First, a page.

Business transfers: when is enough not enough?

The Constitutional Court (CC) in a majority judgment rejected, in no uncertain terms, three important arguments advanced in support of an application for leave to appeal the Labour Appeal Court (LAC) decision in Maluti-A-Phofung Local Municipality v Rural Maintenance (Pty) Ltd and Another (JA79/2014) [2015] ZALAC 41.

28 Nov 2016 4 min read Employment Alert - 28 November 2016 Article

The issues central to the dispute were whether components vital to run a business were withheld by the transferor and if so, whether as a result the business did not transfer as a going concern for purposes of s197 of the Labour Relations Act, No 66 of 1995 (LRA).

The Municipality, responsible for supplying electricity to residents, outsourced the function of supplying electricity to Rural, a service provider. The municipal manager concluded a contract with Rural, in terms of which Rural was appointed to “manage, operate, administer, maintain and expand the municipal electricity distribution network for a period of 25 years, after which the obligation to supply electricity to residents would revert back to the Municipality”.

Rural also accepted 16 dedicated employees from the Municipality in terms of a transfer agreed to be governed by s197 of the LRA.

When the outsourcing agreement came to an end, Rural returned to the Municipality the electricity distribution infrastructure consisting of tools, equipment, properties and vehicles that the Municipality had initially transferred to Rural. Rural also sought to transfer 127 (instead of 16) employees to the Municipality as Rural had expanded the business. Rural argued this resulted in a transfer of the business as a going concern in terms of s197 of the LRA. The Municipality disputed that the business transferred and claimed that Rural failed to return vital components of the business such as that of metering, billing and collecting the debts (Vital Components) to run the business. It claimed not enough of the business of Rural was handed to the Municipality. Rural in turn disputed that the Vital Components were vital or required for the Municipality to run the business previously conducted by Rural.

The LAC held that it was clear that the overall assessment of whether a business transferred “seamlessly” depends on examining the totality of the business operated by Rural before the transfer and that the test so applied was also in accordance with the test applied in terms of the TUPE Regulations.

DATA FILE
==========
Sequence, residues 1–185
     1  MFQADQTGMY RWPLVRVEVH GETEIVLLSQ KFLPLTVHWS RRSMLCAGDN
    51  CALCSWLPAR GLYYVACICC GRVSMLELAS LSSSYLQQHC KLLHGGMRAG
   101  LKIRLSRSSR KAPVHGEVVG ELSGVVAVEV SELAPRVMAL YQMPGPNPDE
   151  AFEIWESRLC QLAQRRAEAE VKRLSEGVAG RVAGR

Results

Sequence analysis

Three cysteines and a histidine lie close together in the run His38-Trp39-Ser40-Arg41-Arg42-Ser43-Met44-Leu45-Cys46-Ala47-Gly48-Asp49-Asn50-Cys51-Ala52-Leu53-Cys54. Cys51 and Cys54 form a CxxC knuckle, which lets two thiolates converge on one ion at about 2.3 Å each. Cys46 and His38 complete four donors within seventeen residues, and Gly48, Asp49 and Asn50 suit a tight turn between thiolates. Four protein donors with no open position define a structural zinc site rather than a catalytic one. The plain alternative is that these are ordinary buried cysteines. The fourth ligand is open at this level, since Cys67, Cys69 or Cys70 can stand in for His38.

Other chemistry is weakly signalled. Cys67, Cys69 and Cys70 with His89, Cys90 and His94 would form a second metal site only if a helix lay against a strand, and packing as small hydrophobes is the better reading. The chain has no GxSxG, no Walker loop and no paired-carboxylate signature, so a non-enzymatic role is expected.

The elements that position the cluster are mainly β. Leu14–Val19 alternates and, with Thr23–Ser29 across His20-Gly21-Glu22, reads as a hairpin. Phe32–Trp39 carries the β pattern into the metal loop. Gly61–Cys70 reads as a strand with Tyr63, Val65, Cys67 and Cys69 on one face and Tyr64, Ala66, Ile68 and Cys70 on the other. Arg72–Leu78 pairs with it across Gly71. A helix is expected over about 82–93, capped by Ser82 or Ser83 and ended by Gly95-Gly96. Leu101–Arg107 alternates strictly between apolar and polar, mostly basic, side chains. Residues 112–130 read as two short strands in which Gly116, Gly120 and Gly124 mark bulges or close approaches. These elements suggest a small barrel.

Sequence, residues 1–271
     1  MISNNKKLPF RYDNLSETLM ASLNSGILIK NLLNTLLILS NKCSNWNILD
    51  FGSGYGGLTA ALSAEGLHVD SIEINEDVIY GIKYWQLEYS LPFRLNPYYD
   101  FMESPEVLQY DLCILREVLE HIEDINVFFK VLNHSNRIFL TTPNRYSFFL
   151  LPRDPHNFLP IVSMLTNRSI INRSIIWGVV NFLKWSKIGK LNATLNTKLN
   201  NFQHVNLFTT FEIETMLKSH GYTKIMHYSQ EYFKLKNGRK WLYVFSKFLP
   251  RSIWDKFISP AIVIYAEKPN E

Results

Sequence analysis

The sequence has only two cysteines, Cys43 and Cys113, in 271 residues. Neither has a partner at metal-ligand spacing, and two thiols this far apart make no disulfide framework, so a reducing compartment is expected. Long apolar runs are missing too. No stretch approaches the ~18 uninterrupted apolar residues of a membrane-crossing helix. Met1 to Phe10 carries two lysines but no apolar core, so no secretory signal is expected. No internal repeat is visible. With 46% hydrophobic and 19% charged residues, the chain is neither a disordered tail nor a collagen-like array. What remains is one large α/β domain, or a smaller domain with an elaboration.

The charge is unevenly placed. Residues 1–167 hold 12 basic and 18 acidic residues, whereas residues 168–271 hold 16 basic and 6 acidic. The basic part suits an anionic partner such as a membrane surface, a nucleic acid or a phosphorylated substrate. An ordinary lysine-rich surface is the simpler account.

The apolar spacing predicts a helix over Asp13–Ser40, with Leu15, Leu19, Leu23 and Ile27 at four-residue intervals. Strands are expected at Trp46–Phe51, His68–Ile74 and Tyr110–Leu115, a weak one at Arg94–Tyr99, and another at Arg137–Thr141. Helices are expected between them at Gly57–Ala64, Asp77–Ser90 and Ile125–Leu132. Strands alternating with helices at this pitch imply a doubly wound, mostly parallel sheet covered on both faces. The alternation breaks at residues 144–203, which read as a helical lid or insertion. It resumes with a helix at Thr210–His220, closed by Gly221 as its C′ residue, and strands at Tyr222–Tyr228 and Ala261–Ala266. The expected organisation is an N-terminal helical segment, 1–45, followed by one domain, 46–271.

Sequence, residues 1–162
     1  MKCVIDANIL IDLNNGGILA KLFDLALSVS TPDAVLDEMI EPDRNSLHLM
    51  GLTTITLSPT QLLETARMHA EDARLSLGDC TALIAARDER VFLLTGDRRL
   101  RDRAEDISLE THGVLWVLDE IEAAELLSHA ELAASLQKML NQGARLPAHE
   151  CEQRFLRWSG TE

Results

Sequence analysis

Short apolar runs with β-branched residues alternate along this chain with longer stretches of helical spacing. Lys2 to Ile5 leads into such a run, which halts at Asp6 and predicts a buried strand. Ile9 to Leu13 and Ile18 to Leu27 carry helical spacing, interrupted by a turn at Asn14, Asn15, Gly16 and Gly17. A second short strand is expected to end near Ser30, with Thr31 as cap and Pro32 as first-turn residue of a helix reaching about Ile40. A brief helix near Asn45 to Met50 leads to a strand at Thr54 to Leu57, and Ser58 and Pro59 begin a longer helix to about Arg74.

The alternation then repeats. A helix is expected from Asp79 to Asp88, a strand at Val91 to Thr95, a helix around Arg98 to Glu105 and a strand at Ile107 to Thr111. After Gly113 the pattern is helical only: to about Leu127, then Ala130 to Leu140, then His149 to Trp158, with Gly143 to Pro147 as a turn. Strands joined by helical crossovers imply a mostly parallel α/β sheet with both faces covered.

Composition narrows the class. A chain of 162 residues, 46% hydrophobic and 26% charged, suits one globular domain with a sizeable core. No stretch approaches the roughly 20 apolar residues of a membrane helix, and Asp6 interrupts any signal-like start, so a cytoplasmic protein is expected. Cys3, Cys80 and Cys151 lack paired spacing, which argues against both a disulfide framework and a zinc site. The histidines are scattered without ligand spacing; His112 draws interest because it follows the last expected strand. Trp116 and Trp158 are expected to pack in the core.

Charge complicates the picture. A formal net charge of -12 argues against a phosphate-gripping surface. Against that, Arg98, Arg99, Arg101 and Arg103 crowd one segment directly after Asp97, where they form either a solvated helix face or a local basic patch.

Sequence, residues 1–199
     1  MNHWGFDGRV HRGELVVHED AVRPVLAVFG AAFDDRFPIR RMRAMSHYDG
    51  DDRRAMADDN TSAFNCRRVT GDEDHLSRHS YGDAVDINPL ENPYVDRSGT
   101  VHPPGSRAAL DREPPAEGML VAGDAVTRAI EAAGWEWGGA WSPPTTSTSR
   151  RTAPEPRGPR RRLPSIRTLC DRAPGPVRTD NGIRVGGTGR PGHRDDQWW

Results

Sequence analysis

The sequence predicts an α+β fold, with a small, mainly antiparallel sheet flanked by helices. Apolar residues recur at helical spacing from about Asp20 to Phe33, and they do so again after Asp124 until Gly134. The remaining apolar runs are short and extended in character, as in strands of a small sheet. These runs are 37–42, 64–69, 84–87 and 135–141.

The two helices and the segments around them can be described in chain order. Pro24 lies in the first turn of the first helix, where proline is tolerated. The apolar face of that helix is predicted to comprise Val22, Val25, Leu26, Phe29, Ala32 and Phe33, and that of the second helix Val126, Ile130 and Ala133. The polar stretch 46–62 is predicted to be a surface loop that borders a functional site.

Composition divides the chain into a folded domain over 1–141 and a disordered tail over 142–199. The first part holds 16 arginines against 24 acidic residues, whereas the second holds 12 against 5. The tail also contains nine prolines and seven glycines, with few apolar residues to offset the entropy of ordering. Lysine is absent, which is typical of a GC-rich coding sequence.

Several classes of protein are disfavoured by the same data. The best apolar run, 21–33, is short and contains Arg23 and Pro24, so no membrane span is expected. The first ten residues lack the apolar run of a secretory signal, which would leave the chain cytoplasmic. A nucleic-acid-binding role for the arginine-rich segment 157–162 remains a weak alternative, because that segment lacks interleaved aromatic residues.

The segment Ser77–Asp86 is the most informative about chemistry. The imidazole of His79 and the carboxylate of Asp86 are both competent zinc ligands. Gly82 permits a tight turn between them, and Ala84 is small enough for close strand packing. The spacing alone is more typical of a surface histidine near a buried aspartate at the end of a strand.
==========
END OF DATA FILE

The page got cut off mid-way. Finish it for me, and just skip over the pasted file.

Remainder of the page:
The LAC overturned the Labour Court’s decision and held that a significant component of the overall business was not retransferred by Rural to the Municipality and that as a result not enough transferred to the Municipality and the business conducted by Rural had not been transferred to the Municipality. The transfer of components did not result in a seamless transfer of the business.

Rural approached the CC and presented three main arguments in support of its application for leave to appeal the LAC judgment.

The first was that the LAC adopted a new and thus wrong test to determine if there had been a transfer of the business. It argued that the LAC when referring to a transfer that must be “seamless” thereby introduced a new test, that of a seamless transfer.

The CC rejected this argument stating that it was clear that the LAC applied the test enumerated previously by the LAC and the CC. The test is that the court must make an overall assessment of the business to determine whether it transferred as a going concern. The CC held that the reference to a seamless transfer was within the context of the LAC applying the correct test.

The second argument was that the LAC made a wrong finding on the facts when finding that the components withheld were vital for the business to transfer. The LAC on the facts resolved that the components were vital to the running of the business. The CC was unimpressed with the argument and held that the LAC correctly interpreted the facts.

The third argument was that “local and international developments in relation to so-called ‘service provision changes’ as opposed to standard transfer of business, necessitated the reformulation or development of our law”.

The LAC was referred to these developments in the UK law known as the TUPE Regulations in terms of which a distinction was drawn between a business and a service. The CC was urged to have regard to those developments to develop South African law. The CC firmly rejected this argument for the following reasons:

  • Some concepts used in TUPE are foreign to the wording of s197 of the LRA and s197 already refers to a “service”. There is no need to look any further.

  • While it is useful to refer to comparative foreign law instruments and judgments it must be with due regard to differences in language and concepts.

  • The TUPE amendments introducing special considerations relating to the transfer of a service had already been introduced before and not after the amendment to s197 to make provision in s197 for the transfer of a service. Section 197 thus adequately caters for transfers of a service. The CC again emphasised that it was the business rendering the service that must be the subject of the transfer.

Rural’s application for leave to appeal was refused by the CC with costs. Rural did not transfer enough of its business to constitute a transfer of a business as a going concern.

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